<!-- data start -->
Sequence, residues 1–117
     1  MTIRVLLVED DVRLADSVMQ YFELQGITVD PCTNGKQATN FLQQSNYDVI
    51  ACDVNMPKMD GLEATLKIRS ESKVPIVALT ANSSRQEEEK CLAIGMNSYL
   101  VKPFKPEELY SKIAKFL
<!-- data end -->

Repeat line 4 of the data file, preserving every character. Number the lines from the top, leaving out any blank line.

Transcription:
   101  VKPFKPEELY SKIAKFL